Author Topic: Ethernet Buffers  (Read 6384 times)

Offline Jamier

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Ethernet Buffers
« on: May 09, 2008, 08:34:36 AM »
Hi Mark,

Is it possible to use only one Ethernet RX buffer?

By default uTasker has 2 RX and 1 TX buffer for a total of 3k.

We can't really decrease the size of the buffers since we are using DHCP so the only possible option that I can see is to eliminate one RX buffer.

Any other suggestions for reducing RAM? - so far I've looked through config.h and modified a few things.  I am also looking at the application RAM use to see if we can sacrifice a few things there too.

Thanks.

Jamie

Offline mark

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Re: Ethernet Buffers
« Reply #1 on: May 09, 2008, 09:21:01 PM »
Hi Jamie

Although (probably) possible I don't think that this will work that well due to 2 reasons.

1. The Ethernet controller can be configured to use a certain buffer size (128 bytes up to 1.5k). It fixes 2 rx buffers and 1 tx buffer of this size in memory. I think that it is possible to block the use of one of the rx buffers but the fact is that its memory is fixed at the start of RAM so the system memory (starting after the end of the tx buffer) is not contiguous to this freed RAM.
Certain variables could of course be forced there under control of the linker script.

2. Having only one rx buffer will result in dropped rx frames whenever 2 are received faster than the TCP/IP stack can handle the first frame. This will probably result in high level of losses and repetitions in the system and so is not advisable - as noted above, it is (probably) possible to block one of the rx buffer by simply not freeing it for use by the EMAC.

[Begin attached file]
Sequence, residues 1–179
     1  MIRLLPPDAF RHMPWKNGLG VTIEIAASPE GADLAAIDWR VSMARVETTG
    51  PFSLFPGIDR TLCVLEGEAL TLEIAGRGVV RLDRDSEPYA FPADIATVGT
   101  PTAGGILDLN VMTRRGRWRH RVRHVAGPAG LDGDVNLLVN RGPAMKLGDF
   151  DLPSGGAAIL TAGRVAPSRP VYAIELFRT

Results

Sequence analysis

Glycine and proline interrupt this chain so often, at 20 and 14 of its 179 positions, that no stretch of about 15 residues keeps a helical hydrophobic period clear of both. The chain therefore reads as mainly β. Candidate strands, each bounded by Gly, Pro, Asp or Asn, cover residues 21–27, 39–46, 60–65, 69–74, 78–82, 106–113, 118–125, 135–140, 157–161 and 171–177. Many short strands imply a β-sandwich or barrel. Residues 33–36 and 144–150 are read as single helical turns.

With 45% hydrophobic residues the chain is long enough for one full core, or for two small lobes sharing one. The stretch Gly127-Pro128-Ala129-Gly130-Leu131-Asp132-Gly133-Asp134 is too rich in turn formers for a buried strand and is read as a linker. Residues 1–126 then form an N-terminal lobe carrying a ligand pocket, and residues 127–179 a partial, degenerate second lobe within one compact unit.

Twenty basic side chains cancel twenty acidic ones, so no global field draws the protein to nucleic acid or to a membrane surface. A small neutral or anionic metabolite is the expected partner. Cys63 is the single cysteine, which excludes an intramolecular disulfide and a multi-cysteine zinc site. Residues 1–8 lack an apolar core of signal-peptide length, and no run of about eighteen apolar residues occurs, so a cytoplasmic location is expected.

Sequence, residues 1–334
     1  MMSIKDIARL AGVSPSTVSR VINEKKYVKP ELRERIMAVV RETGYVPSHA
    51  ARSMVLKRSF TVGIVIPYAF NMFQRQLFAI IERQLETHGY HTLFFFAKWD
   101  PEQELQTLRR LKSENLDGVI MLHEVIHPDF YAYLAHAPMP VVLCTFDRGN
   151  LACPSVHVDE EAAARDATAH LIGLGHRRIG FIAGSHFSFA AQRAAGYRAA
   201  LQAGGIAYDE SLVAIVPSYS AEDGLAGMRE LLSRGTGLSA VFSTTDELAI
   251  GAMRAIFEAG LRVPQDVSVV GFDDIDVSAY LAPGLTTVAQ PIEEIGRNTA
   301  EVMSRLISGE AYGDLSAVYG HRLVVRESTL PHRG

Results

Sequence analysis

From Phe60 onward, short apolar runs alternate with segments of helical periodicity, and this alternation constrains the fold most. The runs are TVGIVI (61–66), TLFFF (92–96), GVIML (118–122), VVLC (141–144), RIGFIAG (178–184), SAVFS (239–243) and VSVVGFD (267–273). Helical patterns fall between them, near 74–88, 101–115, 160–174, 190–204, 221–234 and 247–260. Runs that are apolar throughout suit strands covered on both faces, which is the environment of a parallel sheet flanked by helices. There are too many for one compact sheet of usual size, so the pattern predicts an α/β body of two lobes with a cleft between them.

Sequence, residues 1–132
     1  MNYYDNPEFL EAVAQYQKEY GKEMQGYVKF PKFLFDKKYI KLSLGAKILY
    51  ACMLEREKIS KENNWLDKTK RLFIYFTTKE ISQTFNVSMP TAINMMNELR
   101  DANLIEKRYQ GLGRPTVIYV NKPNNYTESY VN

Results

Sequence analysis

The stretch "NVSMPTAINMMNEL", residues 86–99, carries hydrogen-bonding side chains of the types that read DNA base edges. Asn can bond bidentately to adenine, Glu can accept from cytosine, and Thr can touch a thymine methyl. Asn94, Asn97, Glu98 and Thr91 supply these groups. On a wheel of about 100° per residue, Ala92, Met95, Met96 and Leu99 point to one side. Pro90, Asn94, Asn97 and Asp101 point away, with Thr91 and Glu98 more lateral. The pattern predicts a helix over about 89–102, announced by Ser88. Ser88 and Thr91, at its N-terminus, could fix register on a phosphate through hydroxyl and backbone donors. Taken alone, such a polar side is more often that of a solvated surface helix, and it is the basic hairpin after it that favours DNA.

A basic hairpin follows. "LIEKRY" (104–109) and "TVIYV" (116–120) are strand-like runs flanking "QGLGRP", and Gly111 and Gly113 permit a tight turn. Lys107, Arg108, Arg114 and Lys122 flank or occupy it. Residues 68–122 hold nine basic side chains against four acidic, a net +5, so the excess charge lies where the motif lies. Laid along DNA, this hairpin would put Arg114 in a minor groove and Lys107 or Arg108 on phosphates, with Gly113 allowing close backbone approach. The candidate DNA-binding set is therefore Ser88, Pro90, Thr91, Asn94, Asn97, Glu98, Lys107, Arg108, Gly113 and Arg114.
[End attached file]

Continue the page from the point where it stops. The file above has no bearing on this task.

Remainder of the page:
This fact explains the reason why the EMAC uses 2 rx buffers and 1 tx buffer. The tx buffer is not critical since it is filled by software and nothing is lost when the SW is a bit slow. The rx buffers are however critical and that is why 2 are available so that the EMAC can be filling the second while the SW is still 'consuming' the first.

Note that, although you have defined 1k buffers, it is your software which is controlling the use of the tx buffer. If you know that the largest frame that you send will be, say, 256 bytes you can still link the project to start putting its system variables at 0x900 (overlapping the Tx EMAC buffer space) rather than at 0xc00. Only your SW writes to this buffer (not the EMAC controller) so this may be a possibility to gain a bit of RAM.

Don't forget also to use the functions fnStackFree(), fnHeapAvailable() and fnHeapFree()  to monitor allocation ad actual use of memory. You may find that the space reserved for heap can be reduced.

Good luck

Regards

Mark

Offline Jamier

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Re: Ethernet Buffers
« Reply #2 on: May 12, 2008, 01:37:59 AM »
Hi, Mark.

I see now that the chips EMAC expects those two buffers to exist.

Thanks for tip on using some of the RAM normally reserved for the TX buffer - that may work.

Jamie